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Welcome to STop, the Seattle Times Opinion blog where our editorial writers and editors share their evolving thoughts on a variety of issues. STop is a place where opinion writers and readers can exchange views and readers can learn more about how editorial positions are formed.

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July 08, 2005

No Shield for Me

I haven’t followed the Plame case, so I am no expert on the details of the issue about a New York Times reporter going to jail rather than reveal a source. But I am wary of the instinctive stand of my colleagues in the press to side with the reporter and to demand a shield law.

The rationale for my wariness is best expressed by Pat Buchanan. First, when the journalist says his relationship with his source requires the same protected status as the relationship between lawyer and client, he ignores that the lawyer-client relationship is protected for the sake of the client. There is not the same urgency to protect anonymous leakers.

I hear “off the record” statements all the time. I have never been ordered by an official to reveal a source. If I were, I would most likely do what the Seattle Times told me to do, because I work here. I am also aware, as my colleagues remind me, that the subpoena power may be abused, and that I might be ordered to disclose a source for a not-very-good reason. Such is life. That does not, in itself, justify a shield law.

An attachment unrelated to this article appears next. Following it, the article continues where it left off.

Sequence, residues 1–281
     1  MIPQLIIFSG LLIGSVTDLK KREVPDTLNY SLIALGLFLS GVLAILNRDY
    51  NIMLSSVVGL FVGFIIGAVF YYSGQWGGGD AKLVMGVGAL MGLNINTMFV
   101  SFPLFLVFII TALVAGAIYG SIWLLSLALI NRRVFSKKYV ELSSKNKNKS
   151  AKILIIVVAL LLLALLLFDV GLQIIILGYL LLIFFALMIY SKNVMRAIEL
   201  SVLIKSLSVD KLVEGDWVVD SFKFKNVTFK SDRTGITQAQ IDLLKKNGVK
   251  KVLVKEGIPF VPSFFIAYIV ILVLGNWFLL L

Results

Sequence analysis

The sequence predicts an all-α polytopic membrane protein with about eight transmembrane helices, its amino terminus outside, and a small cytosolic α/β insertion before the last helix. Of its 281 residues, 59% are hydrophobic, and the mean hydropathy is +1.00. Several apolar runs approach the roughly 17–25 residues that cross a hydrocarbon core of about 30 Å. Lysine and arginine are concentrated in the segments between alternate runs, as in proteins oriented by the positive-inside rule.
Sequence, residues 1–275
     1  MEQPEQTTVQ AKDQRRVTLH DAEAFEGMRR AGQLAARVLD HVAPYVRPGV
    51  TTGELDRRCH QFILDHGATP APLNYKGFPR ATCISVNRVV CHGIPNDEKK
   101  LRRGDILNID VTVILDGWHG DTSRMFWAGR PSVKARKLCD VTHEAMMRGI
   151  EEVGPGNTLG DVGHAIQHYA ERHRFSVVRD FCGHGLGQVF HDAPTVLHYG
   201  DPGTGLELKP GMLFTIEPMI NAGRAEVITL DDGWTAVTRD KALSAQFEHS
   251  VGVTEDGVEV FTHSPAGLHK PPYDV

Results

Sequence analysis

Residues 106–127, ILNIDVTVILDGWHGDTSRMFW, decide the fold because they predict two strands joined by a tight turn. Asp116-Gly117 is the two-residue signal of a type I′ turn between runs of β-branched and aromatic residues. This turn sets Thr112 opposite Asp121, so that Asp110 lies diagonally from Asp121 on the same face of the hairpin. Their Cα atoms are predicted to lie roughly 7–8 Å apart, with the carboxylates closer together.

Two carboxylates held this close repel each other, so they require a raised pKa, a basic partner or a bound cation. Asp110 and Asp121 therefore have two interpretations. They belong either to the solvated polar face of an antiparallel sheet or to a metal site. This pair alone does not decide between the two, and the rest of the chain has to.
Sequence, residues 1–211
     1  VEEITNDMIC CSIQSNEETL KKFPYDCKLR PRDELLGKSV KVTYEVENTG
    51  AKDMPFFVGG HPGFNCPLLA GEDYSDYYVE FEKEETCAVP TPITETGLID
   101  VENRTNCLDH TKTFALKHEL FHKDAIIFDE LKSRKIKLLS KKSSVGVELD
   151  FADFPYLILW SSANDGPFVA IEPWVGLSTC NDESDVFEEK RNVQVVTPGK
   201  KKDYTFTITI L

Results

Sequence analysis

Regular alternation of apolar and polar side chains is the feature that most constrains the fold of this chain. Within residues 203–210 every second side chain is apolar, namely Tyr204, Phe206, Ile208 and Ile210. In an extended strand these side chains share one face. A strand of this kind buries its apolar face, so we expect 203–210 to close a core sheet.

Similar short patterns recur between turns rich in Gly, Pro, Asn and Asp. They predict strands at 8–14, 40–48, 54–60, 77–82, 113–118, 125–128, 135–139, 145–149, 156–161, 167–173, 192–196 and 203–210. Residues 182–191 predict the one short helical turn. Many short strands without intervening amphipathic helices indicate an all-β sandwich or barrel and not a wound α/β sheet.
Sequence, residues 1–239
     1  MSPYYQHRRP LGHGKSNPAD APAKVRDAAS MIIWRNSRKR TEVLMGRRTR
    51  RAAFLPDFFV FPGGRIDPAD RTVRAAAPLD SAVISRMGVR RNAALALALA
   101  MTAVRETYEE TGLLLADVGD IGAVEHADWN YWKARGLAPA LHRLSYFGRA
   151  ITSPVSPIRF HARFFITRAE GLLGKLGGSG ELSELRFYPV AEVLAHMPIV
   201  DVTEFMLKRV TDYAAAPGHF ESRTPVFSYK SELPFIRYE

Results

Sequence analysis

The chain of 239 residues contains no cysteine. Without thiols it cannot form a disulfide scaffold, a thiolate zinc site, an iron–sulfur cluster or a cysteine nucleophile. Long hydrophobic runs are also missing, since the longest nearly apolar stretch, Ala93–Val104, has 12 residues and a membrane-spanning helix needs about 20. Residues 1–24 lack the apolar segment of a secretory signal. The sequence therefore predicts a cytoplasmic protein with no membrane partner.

Secondly, Buchanan writes, “Freedom of the press is a right that belongs to all of us, from [New York] Times reporters to bloggers to kids writing about pot parties for the high school paper. Why then should only working reporters be exempt from the law that requires all of us, from presidents to paupers, to testify, when called before a grand jury?”

Unlike law or medicine, journalism is an unlicensed trade, protected from regulation by the First Amendment. Its practitioners approach others and ask questions—something anyone may do. They write or speak, which anyone may do, and they hire themselves out to employers, which anyone may do. Their association with publishers gives them a very practical advantage over the average person, but they have no legal advantage. They should be very wary about asking for laws that single them out as a special class, because once one has privileges as a special class, one may be loaded down with costs and penalties as a special class.

Read the whole Buchanan column here.

Respond to Bruce.

 
Posted by Bruce Ramsey at July 8, 2005 12:57 PM



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